Matching objects to their corresponding pictures is a very common early childhood activity. Although object-to-picture matching is widely accepted as an important basic skill, you may still be wondering what all the fuss is about! Here is a summary of some of the benefits of object-picture matching activities for your little one.
Language and Cognition
Matching an object to a picture requires the understanding of the picture as a symbol, or representation, of the actual object. The ability to understand symbolic representation is a crucial prerequisite to learning and using language!
Object-to-picture matching is a great way to build vocabulary in young children. When the pictures and objects don’t match exactly, children have to use their knowledge of the distinctive features and/or function of the object in order to match them correctly. For instance, it may be fairly simple for a child to match a small blue bowl to a picture of the exact same bowl, but if the bowl in the picture is large and red, the child will have to use reasoning (i.e. both items have the same basic shape and the same function) to realize that the object and picture go together. Recognizing distinctive features and functions of objects helps grow category knowledge, in turn creating deeper understanding of vocabulary concepts.
When matching objects to pictures, your child is practicing visual discrimination skills, becoming familiar with one-dimensional print, and learning to connect real objects to print. These are important pre-reading skills.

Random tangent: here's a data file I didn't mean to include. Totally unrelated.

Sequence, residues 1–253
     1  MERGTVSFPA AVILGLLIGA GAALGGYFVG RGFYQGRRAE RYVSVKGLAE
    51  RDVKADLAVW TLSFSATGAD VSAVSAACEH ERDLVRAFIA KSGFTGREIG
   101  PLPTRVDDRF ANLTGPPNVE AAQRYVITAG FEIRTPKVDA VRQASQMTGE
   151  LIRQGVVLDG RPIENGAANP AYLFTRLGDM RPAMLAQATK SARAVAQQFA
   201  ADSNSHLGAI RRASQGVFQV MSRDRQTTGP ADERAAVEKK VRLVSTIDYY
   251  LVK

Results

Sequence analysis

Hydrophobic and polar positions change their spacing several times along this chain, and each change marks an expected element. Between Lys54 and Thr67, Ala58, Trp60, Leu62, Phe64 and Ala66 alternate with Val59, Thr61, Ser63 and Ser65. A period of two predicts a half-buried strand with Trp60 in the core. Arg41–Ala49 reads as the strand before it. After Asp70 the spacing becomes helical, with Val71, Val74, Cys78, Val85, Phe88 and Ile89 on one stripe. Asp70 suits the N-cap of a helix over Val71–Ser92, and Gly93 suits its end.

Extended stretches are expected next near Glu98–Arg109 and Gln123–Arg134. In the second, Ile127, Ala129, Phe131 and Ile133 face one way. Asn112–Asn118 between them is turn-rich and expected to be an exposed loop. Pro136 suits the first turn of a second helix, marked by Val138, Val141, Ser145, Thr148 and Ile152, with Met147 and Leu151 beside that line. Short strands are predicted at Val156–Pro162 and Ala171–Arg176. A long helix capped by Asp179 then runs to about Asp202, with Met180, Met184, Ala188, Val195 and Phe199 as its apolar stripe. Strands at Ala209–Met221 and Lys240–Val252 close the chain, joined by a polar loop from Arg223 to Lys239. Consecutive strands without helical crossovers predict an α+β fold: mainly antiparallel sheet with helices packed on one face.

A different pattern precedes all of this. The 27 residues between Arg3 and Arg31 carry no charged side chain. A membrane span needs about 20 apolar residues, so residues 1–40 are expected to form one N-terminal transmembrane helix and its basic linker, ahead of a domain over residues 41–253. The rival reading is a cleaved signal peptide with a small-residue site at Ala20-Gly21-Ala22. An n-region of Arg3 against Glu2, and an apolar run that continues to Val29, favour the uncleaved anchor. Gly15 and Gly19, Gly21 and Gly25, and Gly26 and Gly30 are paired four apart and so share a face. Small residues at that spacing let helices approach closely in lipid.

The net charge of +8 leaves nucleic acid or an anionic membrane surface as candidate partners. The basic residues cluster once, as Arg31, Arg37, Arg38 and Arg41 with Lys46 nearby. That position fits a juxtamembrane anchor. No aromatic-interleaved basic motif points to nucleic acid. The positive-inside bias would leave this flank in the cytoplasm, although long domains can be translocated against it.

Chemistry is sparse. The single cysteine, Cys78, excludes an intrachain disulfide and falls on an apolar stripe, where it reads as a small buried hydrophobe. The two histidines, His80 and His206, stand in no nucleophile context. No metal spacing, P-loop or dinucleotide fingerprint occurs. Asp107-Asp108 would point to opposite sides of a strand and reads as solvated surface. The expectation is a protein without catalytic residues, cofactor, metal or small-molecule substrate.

Matching objects to pictures also encourages one-to-one correspondence, which is a foundational math skill.
Tips for planning object-to-picture matching activities:
When planning object-to-picture matching activities, you can make them easier by finding pictures and objects that look very similar (i.e. a small blue bowl to a picture of a small blue bowl) or increase the difficulty by making the objects more diverse (i.e. small blue bowl to large red bowl). Alternatively, you can up the ante by requiring the child to match several objects that are very similar except for one or two minor details, such as a set of plastic cows with different markings or bears of different sizes. This version of the activity requires more attention to minor detail.
Start by introducing only a few object pairs at a time and then slowly increase the number of options you have out as the child gets more proficient with matching.
If you are trying to find pictures to match small manipulatives or toys that you own, you can often check retailers’ websites and pull exact photos or drawings of the items off the site. Just be sure not to use them beyond working with your own child (don’t distribute them or charge money for them) so you don’t get in trouble for copyright violation!
I hope this information inspires you to try some object-to-picture matching activities with your own little ones! The pictures in this article are from our Goodnight Moon Vocabulary Activity– click on the text link to see other ways we used the picture symbols.